Thursday, May 6, 2010

The dream versus reality

 The influences can star working even before the baby gets here. Some couple, while declaring publicly that they would be equally happy with a child of either sex, secretly nurture a preference for a boy or a girl. And some of them are so disappointed if their wish is not realized that, despite their best efforts, they respond to the child less enthusiastically than they would have otherwise during the first few weeks, which are a crucial period in the baby’s emotional development.

An even more typical instance of expectations clashing with reality is that of the new mother who has just spent nine months picturing herself in idyllic communication with a cooing, chubby cheeked infant. Instead she is handed a howling creature whose ruddy, wizened face is not yet plumped out with baby fat, whose head has been squeezed into a strange, elongated shape by its passage through the birth canal, and who utterly ignores her attempts to comfort him. On e mother described her experience thus,” I was all prepared to love my son, but my good feelings were challenged from the start. He cried constantly, and no matter what I did to soothe him, nothing worked. I hate to say this, but I began to resent him and did not like him very much during the first month or so.”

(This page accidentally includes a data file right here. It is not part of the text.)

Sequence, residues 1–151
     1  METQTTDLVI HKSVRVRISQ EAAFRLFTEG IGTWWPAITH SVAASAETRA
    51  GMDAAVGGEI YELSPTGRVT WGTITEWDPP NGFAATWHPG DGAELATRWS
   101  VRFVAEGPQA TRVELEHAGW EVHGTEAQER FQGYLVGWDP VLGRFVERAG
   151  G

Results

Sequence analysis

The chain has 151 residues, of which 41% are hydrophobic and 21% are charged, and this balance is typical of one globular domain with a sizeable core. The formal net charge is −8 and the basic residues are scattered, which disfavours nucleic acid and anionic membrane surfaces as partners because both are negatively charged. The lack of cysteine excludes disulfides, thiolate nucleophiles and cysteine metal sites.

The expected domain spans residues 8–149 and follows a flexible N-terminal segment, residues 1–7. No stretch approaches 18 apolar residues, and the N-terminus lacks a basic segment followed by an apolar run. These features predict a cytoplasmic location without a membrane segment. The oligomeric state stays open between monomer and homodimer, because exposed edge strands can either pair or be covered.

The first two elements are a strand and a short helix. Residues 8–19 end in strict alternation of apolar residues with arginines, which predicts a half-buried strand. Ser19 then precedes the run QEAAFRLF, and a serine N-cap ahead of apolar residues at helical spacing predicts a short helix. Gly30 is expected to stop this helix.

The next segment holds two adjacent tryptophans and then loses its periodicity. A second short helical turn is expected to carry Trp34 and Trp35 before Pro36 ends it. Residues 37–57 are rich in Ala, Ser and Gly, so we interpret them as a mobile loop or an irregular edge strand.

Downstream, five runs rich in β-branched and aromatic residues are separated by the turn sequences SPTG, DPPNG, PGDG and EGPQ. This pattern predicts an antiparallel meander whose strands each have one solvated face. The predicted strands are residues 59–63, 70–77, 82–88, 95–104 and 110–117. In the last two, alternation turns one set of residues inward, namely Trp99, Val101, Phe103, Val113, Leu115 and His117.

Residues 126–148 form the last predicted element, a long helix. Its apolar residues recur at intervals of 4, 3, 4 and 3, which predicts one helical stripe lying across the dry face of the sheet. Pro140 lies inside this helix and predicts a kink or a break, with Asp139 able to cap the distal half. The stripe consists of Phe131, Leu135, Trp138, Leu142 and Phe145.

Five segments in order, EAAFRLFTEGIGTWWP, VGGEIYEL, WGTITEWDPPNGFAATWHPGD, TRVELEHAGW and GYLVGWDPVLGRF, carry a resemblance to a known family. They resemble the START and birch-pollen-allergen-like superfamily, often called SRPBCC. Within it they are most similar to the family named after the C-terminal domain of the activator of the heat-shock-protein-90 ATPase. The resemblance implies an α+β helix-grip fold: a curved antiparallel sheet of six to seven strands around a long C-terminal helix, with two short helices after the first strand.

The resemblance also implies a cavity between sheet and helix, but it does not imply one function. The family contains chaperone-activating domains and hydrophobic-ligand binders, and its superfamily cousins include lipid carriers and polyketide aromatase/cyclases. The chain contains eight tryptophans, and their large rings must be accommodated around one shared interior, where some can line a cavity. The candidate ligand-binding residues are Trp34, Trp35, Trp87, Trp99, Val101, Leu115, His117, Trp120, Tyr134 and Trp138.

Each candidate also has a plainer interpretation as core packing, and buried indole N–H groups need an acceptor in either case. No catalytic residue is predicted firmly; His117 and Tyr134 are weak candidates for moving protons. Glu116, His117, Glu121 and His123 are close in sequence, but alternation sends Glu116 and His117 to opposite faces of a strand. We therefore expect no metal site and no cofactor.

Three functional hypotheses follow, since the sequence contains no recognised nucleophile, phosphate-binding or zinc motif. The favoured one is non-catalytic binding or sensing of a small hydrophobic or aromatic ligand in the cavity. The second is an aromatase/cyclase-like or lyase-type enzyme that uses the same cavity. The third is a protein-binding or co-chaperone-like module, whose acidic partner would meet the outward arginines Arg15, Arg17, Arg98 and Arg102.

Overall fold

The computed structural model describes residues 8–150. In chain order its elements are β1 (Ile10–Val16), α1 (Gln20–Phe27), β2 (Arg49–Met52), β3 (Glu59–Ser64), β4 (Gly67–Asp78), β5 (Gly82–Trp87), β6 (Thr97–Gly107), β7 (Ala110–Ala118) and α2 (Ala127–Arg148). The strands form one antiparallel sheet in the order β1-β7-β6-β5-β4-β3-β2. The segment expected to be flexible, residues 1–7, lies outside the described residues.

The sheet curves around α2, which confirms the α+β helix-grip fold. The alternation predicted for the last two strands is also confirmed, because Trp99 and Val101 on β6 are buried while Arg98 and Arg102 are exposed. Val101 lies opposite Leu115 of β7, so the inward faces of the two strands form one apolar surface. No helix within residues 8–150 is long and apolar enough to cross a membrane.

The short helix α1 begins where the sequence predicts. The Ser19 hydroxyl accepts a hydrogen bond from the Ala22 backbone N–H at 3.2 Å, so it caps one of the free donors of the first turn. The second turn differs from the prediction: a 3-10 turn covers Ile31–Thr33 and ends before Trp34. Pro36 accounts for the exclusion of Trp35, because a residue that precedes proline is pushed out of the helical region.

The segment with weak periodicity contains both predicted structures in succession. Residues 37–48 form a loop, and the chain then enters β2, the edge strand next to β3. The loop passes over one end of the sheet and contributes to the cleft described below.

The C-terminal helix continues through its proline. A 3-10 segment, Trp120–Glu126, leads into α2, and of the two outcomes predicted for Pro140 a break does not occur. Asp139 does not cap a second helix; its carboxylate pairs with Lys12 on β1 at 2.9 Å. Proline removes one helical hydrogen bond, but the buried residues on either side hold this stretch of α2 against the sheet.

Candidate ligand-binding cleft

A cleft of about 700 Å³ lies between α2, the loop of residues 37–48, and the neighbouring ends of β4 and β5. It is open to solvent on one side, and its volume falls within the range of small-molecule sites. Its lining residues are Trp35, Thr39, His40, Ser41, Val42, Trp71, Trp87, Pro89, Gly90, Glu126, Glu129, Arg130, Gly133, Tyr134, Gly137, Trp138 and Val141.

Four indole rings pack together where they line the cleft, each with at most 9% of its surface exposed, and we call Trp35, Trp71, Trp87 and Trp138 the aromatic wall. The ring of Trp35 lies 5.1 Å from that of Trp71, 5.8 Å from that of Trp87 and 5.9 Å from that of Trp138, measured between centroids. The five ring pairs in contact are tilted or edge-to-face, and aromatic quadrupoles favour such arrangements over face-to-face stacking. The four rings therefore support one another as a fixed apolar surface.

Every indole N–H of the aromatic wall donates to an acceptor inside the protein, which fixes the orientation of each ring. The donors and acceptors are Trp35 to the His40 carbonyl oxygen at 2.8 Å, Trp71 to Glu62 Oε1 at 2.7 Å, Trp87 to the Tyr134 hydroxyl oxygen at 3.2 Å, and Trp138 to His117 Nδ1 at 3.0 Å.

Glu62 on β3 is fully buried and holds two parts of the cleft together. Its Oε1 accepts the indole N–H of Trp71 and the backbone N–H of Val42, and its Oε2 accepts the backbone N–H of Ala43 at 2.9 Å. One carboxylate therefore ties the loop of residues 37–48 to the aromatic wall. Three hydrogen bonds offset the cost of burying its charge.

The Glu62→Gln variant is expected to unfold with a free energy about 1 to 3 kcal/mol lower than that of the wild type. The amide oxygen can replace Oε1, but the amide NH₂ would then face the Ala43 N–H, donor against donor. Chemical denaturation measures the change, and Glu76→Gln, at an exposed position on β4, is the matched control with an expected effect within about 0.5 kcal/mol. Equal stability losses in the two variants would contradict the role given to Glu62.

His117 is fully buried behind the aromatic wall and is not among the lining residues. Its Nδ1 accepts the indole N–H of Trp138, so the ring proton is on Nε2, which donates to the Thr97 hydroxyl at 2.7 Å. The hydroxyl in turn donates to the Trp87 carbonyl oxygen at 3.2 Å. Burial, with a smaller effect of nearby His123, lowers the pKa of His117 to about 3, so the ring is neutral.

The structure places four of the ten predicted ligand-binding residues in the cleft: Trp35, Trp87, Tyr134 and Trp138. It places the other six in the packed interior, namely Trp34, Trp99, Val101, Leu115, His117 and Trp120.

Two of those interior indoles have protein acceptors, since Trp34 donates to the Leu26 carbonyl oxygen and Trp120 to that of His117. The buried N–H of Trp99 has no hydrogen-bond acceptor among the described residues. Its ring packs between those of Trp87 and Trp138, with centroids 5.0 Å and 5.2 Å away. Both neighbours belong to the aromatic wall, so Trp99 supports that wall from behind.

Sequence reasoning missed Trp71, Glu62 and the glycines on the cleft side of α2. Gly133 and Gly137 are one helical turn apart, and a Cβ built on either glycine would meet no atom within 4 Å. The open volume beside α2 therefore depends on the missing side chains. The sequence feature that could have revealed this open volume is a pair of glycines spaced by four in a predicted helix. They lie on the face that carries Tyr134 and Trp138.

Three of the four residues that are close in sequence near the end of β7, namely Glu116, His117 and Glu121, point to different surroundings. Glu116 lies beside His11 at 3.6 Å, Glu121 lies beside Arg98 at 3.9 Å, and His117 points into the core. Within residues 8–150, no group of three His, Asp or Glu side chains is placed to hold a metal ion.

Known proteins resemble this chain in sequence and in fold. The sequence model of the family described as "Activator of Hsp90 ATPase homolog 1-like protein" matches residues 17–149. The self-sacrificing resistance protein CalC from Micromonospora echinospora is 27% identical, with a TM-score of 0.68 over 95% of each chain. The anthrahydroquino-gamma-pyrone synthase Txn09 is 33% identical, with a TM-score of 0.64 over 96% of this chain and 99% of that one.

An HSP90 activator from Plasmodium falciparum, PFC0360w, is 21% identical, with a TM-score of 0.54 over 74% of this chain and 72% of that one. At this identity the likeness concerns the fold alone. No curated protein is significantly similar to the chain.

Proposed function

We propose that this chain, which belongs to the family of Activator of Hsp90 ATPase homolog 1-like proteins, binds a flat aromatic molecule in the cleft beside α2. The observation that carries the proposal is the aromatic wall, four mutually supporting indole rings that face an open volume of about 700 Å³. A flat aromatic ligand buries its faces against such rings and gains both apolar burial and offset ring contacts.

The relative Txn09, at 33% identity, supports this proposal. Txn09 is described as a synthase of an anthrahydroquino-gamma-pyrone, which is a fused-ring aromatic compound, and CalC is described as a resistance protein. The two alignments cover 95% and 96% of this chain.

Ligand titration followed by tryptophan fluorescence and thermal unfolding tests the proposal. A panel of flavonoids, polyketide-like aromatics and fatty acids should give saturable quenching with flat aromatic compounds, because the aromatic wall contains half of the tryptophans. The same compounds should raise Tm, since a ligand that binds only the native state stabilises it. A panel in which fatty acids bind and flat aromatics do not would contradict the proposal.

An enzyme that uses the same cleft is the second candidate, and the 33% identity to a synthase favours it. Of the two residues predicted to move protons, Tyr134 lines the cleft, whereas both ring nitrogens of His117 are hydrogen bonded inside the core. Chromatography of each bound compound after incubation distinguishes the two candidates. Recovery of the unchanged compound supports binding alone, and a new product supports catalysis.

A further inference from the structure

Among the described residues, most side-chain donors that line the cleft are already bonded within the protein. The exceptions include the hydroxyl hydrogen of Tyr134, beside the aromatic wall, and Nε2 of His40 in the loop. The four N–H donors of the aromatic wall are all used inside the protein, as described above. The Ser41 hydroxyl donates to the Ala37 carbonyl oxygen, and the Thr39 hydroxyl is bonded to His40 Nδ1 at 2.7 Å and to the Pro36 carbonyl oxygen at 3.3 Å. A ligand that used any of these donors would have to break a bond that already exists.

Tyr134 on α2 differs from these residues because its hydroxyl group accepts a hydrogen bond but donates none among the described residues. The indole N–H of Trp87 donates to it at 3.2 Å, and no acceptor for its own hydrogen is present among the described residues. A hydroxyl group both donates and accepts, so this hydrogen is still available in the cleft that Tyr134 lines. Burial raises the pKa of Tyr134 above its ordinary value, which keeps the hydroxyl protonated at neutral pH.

If a parent who has such feelings refuses to admit that they exist, she may unwittingly hold back some of the warmth and positive response that her baby needs. It is better for her to acknowledge her own emotions, so she can work consciously to compensate for them. Mothers often find relied in discussing such misgivings frankly with a close friend, family member or minister who can help put their feelings into a new perspective. The important thing to do is find ways to keep giving the infant the physical and verbal affection he needs, even if doing so requires a good deal of effort the child, who of course cannot control the way he looks or behaves, will in time repay these efforts a thousand fold.